Emptying the Inbox in Preparation for the Upcoming Season
Shayne Combs, firstname.lastname@example.org
INBOX #4: I know some of your major sponsorship is Triple Crown and they are big into promoting
soccer. What are your thoughts in soccer becoming a league sport?
First, I would like to thank Triple Crown for their continued support. As we announced on Twitter today as well as the
website, Triple Crown has agreed to sponsor our sixth year of SVC Sports Talk. We will start the sixth season later
this month. I also think it is worth making the connection between the work of Triple Crown and the growth of soccer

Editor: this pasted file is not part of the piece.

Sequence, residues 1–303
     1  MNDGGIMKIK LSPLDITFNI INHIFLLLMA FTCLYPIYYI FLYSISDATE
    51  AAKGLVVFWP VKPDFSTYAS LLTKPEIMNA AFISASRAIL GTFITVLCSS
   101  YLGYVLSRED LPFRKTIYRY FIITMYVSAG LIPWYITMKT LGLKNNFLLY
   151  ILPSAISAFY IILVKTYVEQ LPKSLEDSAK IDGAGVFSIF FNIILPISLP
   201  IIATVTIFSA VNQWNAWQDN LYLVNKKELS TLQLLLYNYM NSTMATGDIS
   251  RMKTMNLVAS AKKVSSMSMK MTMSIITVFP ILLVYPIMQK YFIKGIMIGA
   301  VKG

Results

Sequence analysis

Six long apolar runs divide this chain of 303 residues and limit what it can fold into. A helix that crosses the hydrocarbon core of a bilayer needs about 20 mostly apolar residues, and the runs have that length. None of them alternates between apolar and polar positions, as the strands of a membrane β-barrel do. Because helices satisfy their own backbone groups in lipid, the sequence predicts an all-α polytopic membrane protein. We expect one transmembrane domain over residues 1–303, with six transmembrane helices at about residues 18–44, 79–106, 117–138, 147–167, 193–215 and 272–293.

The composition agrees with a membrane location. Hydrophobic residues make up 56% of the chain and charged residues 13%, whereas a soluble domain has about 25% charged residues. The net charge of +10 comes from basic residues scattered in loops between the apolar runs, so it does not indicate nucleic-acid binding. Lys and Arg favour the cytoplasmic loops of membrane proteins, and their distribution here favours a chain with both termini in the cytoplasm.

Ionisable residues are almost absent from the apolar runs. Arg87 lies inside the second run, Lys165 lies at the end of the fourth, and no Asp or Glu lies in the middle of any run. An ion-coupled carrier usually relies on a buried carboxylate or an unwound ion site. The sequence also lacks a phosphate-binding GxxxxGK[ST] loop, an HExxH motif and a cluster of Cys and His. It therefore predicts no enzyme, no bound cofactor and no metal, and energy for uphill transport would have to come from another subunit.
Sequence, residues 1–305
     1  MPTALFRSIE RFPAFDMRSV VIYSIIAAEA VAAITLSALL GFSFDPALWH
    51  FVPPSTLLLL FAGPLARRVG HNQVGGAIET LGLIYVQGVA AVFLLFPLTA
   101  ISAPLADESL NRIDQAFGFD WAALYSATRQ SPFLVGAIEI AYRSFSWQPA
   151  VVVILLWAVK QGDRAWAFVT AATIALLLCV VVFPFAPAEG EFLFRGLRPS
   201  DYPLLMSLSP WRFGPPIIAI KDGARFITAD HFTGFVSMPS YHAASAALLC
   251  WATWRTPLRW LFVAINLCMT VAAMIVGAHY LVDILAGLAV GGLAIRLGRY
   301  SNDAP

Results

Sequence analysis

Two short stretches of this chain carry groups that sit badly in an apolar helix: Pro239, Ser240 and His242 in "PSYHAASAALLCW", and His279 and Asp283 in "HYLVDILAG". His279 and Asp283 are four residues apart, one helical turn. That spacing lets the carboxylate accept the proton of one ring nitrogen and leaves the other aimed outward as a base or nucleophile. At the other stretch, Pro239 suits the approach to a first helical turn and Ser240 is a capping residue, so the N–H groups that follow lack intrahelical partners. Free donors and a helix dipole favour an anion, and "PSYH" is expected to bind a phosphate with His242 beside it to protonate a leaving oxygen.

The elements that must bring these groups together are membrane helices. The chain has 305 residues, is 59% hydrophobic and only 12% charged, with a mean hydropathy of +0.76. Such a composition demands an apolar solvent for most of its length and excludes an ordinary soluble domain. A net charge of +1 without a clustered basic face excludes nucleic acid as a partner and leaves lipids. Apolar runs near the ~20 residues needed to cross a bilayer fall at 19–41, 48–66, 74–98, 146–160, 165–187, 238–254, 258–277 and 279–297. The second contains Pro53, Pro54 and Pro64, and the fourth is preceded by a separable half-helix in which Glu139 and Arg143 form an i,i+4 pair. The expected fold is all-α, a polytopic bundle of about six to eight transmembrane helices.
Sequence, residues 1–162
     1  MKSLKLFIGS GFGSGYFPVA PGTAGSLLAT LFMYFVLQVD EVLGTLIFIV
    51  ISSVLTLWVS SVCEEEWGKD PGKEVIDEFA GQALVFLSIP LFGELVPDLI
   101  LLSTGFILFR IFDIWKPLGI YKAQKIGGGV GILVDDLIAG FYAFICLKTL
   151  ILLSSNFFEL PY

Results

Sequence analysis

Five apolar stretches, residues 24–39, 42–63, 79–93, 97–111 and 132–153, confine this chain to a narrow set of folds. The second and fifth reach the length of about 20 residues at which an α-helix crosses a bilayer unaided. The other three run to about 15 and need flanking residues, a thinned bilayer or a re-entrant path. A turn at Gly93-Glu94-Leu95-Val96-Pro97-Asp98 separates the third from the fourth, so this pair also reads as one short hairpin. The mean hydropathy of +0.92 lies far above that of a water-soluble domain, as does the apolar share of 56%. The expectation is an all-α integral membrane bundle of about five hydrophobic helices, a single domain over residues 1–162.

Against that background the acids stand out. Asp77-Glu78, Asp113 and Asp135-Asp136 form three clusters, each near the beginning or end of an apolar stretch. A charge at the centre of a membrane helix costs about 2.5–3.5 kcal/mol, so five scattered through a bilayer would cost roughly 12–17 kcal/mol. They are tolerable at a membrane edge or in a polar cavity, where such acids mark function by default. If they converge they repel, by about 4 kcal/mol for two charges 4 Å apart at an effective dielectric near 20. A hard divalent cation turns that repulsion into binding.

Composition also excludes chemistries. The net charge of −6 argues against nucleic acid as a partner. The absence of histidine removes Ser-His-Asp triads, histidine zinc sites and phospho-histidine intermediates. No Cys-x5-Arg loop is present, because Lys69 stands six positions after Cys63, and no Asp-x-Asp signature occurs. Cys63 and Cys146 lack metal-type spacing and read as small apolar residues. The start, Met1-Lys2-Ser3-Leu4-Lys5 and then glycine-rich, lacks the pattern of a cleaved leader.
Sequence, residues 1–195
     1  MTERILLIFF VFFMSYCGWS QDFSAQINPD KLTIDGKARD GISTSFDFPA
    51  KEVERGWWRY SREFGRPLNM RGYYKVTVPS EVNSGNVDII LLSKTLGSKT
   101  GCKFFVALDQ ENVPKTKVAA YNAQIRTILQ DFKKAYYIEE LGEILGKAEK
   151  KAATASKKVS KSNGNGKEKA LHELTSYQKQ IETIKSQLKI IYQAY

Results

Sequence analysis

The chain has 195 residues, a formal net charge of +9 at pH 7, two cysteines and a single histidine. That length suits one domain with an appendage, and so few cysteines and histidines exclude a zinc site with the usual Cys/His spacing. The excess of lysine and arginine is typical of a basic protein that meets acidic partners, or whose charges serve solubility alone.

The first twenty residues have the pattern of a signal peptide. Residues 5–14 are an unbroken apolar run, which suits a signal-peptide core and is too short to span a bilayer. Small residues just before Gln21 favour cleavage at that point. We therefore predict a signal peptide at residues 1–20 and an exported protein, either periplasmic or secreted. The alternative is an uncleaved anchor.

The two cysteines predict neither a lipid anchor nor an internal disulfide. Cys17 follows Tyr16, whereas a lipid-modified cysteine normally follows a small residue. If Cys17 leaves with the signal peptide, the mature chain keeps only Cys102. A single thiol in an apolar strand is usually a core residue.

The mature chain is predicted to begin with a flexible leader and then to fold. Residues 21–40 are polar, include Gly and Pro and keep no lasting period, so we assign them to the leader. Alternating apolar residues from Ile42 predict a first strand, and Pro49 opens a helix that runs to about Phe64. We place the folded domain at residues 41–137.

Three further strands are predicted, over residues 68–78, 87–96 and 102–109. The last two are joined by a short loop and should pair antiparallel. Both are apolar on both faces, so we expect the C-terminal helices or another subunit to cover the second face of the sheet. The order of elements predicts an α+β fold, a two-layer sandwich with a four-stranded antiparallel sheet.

in the area. Over the past five or six years It is amazing to think of the number of kids through elementary and
middle school ages involved in their soccer programs and how that is now directly impacting the high school
Turning to the thoughts of soccer becoming a league sport, I have a wide range of opinions. First, it is ironic how
many programs have different views about this. Many of the more-established programs are leery of a league and a
schedule where they are forced to play these newer programs. This can sometimes hurt come tournament time
when they are forced to play a higher level of competition. As for the new programs it can also be a tough transition.
They are often times “in over their heads” in terms of playing varsity soccer. All told, you have to start somewhere
and in time soccer will continue to grow and get better; however, in the short term it is a tough process. The fact that